Many people know that Newton was also a devout Christian and a serious student of theology, as were most “scientists” of his day (not yet called that… what we call science fell within “natural philosophy”). In a chapter (18) in The Oxford Handbook of Religion and Science (2006), John Hedley Brooke points out a common misconception of the type I’ve referred to above – an oversimplification of the relationship between science and religion as it tends to be worked out by its top leaders. What we call the “scientific revolution” is thought by many to have, he says, “… emancipated [science] from religious concerns. It would be more accurate to say that Newton reinterpreted theological concepts, such as divine providence and divine omnipresence, through the categories of his science…. The unity of nature presupposed the unity of the divine mind…” (pp. 295-96, emphasis mine). Still, for Christians who too quickly “use” Newton to validate their orthodoxy, they should note that he did not believe in the doctrine of the Trinity; and perhaps for that reason, refused ordination in the Church of England. He was “deeply suspected of heresy” (as above, p. 296).
Science has been influencing theology in a similar way ever since Newton and other “natural philosophers” and mathematicians of his general era. Conversely, people have made the case that Christianity, specifically (as the predominant religion of especially the earlier developers of “Western” science), has heavily influenced science and that there is no “final conflict” between the two arenas. Though this case is often overstated or oversimplified, the basic idea seems incontestable. The two approaches to an understanding of “truth” or “reality” do play back and forth on each other, with mutual influence, as much as some religionists and some scientists make it look like there is an absolute chasm and a “battle to the death” around key issues like the origins of life.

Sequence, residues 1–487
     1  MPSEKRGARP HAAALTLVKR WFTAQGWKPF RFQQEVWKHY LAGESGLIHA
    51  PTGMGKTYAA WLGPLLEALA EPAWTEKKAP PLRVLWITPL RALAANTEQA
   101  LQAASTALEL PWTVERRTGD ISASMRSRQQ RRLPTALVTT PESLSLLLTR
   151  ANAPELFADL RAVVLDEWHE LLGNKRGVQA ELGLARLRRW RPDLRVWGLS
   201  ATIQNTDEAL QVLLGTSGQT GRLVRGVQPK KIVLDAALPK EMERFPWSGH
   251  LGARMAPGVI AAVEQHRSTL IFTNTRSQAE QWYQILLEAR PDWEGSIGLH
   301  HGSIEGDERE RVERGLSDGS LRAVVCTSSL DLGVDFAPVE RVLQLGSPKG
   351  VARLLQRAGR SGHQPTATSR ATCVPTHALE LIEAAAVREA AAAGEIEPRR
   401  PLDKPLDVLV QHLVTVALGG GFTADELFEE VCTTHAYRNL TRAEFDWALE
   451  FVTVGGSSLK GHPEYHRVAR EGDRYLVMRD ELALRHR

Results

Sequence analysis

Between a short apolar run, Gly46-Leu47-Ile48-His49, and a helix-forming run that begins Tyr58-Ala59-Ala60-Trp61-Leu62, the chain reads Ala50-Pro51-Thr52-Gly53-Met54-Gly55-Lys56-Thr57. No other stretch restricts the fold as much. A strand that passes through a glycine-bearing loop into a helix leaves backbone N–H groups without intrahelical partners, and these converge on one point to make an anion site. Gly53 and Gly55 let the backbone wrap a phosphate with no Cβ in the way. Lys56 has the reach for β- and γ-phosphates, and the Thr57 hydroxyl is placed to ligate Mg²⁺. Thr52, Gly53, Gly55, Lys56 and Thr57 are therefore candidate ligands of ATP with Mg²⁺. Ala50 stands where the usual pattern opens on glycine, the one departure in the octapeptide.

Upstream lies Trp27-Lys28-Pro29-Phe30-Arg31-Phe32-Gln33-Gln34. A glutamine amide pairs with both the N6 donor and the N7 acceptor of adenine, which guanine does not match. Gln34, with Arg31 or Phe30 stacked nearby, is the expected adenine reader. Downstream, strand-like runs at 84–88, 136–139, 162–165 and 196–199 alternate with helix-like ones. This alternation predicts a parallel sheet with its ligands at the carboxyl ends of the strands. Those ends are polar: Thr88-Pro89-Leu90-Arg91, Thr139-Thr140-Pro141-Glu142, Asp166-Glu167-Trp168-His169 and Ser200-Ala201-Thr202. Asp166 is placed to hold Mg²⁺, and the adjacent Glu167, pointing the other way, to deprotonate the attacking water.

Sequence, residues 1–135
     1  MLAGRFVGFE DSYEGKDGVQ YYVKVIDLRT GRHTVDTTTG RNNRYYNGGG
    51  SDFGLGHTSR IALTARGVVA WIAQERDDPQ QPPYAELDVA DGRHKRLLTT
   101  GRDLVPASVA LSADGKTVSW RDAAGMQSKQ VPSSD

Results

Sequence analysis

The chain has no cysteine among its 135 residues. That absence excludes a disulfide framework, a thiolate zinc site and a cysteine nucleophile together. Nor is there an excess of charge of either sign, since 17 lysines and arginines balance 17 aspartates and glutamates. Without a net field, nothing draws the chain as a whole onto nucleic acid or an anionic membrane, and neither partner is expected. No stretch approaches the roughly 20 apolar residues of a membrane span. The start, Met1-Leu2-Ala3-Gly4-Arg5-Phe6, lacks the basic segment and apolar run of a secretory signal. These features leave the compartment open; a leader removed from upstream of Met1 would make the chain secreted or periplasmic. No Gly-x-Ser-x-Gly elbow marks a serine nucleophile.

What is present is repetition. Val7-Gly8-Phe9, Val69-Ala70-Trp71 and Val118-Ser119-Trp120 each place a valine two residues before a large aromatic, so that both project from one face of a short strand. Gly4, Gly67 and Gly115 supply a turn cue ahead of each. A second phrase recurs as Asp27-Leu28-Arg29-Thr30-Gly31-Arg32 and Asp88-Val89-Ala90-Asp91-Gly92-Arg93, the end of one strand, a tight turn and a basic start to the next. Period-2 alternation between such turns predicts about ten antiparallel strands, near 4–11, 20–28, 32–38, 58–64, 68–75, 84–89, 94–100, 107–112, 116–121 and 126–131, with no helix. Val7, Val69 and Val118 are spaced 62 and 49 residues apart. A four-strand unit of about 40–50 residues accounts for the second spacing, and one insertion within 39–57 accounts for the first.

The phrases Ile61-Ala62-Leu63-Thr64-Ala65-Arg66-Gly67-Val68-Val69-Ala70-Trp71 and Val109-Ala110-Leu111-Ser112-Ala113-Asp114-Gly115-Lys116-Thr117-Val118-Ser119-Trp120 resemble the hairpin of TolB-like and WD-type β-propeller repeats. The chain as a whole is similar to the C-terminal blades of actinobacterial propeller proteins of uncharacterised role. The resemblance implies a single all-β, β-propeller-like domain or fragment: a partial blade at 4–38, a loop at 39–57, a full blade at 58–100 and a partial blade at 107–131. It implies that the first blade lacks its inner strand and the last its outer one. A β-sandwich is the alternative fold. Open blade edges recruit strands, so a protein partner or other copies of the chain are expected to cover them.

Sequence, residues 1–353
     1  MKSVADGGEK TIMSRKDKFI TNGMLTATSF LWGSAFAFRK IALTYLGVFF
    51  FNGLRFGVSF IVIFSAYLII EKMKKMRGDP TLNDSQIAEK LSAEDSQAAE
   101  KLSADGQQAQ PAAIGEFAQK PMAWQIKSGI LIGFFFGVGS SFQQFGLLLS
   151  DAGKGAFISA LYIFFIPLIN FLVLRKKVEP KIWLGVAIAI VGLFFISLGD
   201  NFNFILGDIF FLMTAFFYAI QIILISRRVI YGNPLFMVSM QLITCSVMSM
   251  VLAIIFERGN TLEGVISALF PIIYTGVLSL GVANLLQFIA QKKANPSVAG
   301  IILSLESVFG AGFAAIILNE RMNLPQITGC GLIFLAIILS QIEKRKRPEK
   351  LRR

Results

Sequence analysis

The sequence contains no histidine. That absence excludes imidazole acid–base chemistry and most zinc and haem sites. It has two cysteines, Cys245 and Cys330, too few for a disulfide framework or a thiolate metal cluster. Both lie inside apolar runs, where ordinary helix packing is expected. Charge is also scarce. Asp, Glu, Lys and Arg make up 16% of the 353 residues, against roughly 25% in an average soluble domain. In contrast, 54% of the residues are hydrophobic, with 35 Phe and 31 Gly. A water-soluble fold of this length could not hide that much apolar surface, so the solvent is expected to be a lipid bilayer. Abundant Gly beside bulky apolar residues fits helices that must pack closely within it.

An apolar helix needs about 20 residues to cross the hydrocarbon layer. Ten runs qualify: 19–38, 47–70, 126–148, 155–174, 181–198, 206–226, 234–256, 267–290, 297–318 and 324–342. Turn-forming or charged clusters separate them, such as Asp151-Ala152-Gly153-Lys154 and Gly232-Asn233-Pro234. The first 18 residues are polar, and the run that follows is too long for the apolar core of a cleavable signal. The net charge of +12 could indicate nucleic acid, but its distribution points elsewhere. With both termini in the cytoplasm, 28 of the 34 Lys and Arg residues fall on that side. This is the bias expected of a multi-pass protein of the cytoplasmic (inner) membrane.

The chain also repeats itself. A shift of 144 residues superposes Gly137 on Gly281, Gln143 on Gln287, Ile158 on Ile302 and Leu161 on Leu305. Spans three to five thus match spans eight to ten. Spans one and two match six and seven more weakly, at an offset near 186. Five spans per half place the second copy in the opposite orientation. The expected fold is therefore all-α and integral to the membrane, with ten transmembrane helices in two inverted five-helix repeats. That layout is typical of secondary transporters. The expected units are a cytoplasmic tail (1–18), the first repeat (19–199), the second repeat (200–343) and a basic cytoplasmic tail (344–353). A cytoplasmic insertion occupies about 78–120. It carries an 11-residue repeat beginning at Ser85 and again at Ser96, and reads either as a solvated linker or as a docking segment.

It should go without saying (to all but the most rigid of scientists and science buffs) that most people have some spiritual or religious faith and probably always will. They will take things on “intuition” or “revelation” or other means of authority than just the methods and theories of science. What is both legitimate and important to ask ourselves and each other is, “Do you follow the better observers and thinkers of the world, such as Newton, Einstein, Schweitzer, Whitehead (mathematician and philosopher) and many others to the present, in seeking to let your science inform your faith and your faith hone and enliven your science?”
How do you, as a reader here, see this issue and process it in your own life?